Be sure to take the meat home promptly, don’t let it get warm in the car, and eat it right away. Serve it on slices of a (buttered) crunchy baguette or lightly buttered toast points along with fries (I made oven fries), a fresh green salad dressed with a French vinaigrette (recipe here), and pour a nice glass of red wine. We like a good French Cote du Rhone. An ice cold imported beer is also excellent served with steak tartare. Select your guests carefully, because steak tartare tastes way too good to have someone throw it away.

In the US in forties and fifties steak tartare was served as an appetizer at cocktail parties on party rye. I’ve found that a crunchy lightly buttered French baguette or crisp buttered toast points are a far superior companion to the raw beef than the soft party rye bread. The contrast in texture of the crunchy bread with the soft spicy meat allows your mouth to taste a distinctive texture difference and the crunch is a much better carrier of the seasoned raw meat than combining two soft textures.

Meakin’s Steak Tartare
From My Carolina Kitchen – serves 4
Printable Recipe

Place one egg yolk in a bowl and add ½ teaspoon prepared horseradish, 2 anchovy fillets, 1 teaspoon Dijon mustard, 3 dashes of Worcestershire sauce, 3 good shakes of hot sauce such as Tabasco, and mix well with a fork, mashing the anchovies as you go. Add ¾ of a pound of top quality freshly ground sirloin, ½ of a small white onion, finely chopped, 2 teaspoons drained small capers (chop if large), a couple of tablespoons of finely chopped parsley and mix well with a fork. Season the mixture with kosher salt and freshly ground black pepper to taste. Serve immediately on lightly buttered (use really good butter) slices of a crunchy French baguette or buttered toast points. If you like, top with thin slices of French cornichons or serve them on the side.

Cook’s notes: There are several ways to present the tartare – with the raw egg yolk on top, with the egg mixed into the meat along with the condiments, and with the condiments on the side for the individual dinner to incorporate into the meat.

Never ones to turn down clafouti (according to Julia Child's Mastering the Art of French Cooking it is also spelled with a final “s” in both singular and plural) for dessert, we both choose the individual pear clafoutis, lightly brûléed on top, sprinkled with almonds and served alongside crème  fraiche sprinkled with brown sugar. I don’t think Julia Child’s recipe for a clafouti can be beat, so I’ve adapted her recipe and added the brûlée and almonds for My Carolina Kitchen's version of Café de la Poste’s Le Clafoutis Poire with Amandes.

My Carolina Kitchen’s version of Café de la Poste’s Le Clafoutis Poire with Amandes
Adapted from Julia Child’s Clafouti aux Poires, Mastering the Art of French Cooking by Julia Child – serves 6
Printable Recipe

3 cups peeled, cored, and sliced ripe pears (1 ¼ to 1 ½ lbs pears)
¼ cup sweet white wine, kirsch, or cognac
1/3 cup granulated sugar

Liquid from the pears plus enough milk to equal 1 ¼ cups
1/3 cup granulated sugar
3 eggs
1 Tablespoon vanilla extract
1/8 teaspoon salt
2/3 cup sifted all-purpose flour
An electric blender
A 7-8 cup lightly buttered, fireproof baking dish or Pyrex pie plate

Sugar to brûlée the top of the clafoutis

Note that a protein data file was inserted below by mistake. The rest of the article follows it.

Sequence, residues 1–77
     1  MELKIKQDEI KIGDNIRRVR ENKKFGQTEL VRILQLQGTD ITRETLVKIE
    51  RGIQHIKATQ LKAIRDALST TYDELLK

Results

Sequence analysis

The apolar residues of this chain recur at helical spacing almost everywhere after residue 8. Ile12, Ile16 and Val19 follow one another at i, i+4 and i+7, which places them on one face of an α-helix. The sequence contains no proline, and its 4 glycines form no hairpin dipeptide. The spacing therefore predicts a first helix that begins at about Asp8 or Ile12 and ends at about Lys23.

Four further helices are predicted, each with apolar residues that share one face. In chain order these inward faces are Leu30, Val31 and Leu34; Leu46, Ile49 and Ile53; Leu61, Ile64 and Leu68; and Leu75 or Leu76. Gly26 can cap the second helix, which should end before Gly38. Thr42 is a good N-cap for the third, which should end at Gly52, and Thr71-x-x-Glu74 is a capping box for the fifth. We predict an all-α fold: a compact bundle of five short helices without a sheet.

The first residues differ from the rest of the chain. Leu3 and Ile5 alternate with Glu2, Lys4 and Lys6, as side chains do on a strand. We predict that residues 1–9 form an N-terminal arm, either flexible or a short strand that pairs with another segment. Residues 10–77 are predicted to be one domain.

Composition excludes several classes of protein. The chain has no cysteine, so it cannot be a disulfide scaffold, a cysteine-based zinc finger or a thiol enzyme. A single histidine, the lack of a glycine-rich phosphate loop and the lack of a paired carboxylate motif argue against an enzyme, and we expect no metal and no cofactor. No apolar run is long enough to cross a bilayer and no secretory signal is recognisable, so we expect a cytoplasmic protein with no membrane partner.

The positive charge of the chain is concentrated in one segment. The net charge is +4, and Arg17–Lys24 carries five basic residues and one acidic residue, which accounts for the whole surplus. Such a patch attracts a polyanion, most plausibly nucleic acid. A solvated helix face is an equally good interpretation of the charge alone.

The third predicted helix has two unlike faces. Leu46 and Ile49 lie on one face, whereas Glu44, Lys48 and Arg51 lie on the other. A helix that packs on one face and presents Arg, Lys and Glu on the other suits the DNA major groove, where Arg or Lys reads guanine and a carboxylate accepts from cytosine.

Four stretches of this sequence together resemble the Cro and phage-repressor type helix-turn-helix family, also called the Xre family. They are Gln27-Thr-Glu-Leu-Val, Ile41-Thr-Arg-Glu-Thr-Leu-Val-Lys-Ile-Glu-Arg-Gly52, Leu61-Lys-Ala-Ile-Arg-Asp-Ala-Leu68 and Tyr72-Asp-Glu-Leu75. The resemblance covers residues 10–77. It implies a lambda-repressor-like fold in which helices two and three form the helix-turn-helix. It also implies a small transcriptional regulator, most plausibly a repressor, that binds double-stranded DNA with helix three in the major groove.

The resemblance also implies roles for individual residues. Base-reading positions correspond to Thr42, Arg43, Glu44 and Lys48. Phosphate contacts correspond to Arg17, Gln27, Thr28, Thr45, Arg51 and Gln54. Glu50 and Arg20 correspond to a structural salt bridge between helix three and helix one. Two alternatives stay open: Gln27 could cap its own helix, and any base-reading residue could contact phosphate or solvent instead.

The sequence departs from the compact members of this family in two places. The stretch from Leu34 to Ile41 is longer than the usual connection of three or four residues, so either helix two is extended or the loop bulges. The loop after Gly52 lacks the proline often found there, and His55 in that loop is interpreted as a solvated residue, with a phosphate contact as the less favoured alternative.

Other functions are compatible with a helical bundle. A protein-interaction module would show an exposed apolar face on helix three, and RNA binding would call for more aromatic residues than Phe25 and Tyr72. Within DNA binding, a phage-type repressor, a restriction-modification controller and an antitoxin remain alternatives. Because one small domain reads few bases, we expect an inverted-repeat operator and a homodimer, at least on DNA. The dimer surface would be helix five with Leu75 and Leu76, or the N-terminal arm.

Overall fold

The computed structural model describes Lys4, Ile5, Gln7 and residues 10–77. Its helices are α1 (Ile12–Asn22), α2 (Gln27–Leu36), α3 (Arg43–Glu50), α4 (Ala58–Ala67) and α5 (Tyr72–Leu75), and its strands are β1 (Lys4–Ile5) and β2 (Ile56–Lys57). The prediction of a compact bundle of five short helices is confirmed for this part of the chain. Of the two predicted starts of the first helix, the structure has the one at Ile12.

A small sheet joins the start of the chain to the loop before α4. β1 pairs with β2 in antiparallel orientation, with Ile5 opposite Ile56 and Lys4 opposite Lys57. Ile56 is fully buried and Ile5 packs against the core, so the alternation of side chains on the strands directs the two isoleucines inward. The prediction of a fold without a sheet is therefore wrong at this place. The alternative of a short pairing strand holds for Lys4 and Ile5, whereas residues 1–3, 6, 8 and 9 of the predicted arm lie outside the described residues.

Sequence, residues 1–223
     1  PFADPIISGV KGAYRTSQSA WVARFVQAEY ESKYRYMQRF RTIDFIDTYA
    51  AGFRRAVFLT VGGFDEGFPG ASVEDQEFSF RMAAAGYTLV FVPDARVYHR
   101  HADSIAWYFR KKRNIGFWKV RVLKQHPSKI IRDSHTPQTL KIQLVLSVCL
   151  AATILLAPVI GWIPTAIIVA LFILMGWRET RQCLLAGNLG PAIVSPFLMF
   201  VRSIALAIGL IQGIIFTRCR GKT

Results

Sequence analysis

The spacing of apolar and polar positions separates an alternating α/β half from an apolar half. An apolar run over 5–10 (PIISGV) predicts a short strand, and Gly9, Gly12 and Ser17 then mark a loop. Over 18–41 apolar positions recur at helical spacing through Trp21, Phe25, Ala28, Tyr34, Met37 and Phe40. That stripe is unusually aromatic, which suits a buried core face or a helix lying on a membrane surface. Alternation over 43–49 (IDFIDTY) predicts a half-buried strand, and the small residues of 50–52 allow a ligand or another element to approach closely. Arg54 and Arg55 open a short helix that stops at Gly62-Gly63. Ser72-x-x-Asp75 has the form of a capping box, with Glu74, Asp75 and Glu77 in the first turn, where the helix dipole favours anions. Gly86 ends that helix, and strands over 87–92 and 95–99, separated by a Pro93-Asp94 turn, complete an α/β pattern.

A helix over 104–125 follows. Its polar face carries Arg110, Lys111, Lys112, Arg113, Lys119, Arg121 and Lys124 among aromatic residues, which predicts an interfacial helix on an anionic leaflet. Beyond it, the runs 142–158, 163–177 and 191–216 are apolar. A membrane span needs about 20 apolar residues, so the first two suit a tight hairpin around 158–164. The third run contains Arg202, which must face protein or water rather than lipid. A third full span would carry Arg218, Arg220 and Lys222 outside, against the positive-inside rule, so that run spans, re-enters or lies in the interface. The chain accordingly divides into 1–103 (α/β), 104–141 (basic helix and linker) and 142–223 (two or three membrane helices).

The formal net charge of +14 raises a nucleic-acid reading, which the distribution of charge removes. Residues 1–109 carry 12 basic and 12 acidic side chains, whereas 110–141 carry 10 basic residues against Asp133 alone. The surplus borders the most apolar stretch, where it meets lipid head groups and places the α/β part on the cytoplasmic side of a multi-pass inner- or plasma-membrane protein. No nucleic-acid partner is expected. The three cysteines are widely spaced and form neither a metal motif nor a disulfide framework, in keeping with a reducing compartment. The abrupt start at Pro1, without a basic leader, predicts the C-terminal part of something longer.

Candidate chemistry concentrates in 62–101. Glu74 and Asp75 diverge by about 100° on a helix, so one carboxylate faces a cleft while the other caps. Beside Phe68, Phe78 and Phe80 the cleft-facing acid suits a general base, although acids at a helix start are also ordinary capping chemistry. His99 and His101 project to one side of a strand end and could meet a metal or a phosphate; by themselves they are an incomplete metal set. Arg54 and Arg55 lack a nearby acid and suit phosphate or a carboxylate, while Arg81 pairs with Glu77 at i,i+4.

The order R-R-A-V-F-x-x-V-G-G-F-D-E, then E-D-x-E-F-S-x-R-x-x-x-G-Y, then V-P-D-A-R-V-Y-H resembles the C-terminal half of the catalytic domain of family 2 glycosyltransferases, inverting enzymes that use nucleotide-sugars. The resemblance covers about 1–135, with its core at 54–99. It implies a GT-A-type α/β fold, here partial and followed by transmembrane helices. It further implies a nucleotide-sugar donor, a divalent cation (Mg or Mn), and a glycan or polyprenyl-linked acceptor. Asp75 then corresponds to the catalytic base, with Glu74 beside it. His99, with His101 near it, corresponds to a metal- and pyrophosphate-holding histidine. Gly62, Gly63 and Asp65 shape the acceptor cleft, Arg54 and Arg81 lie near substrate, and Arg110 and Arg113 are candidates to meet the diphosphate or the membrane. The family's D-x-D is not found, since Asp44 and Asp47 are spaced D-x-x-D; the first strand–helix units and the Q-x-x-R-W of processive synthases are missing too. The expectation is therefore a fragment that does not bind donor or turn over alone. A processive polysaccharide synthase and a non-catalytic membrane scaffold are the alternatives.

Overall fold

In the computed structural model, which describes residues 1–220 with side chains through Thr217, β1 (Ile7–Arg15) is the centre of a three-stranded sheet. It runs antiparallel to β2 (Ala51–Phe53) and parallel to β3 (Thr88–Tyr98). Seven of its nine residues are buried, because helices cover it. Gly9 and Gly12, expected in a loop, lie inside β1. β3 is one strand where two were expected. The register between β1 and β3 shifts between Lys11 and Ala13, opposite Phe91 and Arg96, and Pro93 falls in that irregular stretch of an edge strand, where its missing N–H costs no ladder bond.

Toasted almonds, optional
Powdered sugar
Whipped cream or crème fraîche, optional

Preheat oven to 350 degrees F. Use fresh pears in season and let them stand for 1 hour in the sweet white wine, kirsch, or cognac and sugar.

Place the batter ingredients in your blender jar in the order in which they are listed. Cover & blend at top speed for 1 minute. Pour a ¼” layer of batter in the lightly buttered baking dish or pie plate. (If you are making individual clafoutis, divide the batter between 6 to 8 small ceramic ramekins, depending on their size and proceed with recipe.) Put in the oven to let the batter set. Remove, spread the drained pears over the batter, then pour on the rest of the batter and smooth the surface with the back of a spoon.

Place in middle position of preheated oven and bake for about an hour. (If you are baking the clafouti in individual ramekins, I would check them at 45 minutes to see if they are done.) The clafouti is done when it has puffed and browned and a needle or knife plunged into its center comes out clean.

Sprinkle the clafouti with a little sugar evenly on the top and heat with a kitchen blowtorch until the sugar caramelizes evenly. Allow to sit at room temperature for a minute until the sugar caramelizes and hardens. Sprinkle with toasted almonds and a dusting of powdered sugar. It need not be served hot, but should still be warm. It will sink down slightly as it cools. If desired, serve with whipped cream or crème fresh sprinkled with brown sugar on the side.

Cook’s notes: Many other fruits are great in a clafouti, including cherries (recipe in this post), peaches, blueberries, or raspberries.

I thought you might get a kick out of seeing these whole pigs being delivered to Café de la Poste's kitchen, where they will butcher and cut them up in house themselves. It’s just one more reminder that there's no doubt you’re in France.

We highly recommend Café de la Poste when you visit the Luberon area of Provence, information below. I’m certain that you won’t be disappointed.

Café de la Poste
Rue de la République
84220 Goult
+33 4 90 72 23 23

For better viewing, click photos to enlarge.

This will be shared with Foodie Friday at Rattlebridge Farm and Miz Helen’s Country Kitchen Full Plate Thursday.
Have a great weekend everyone.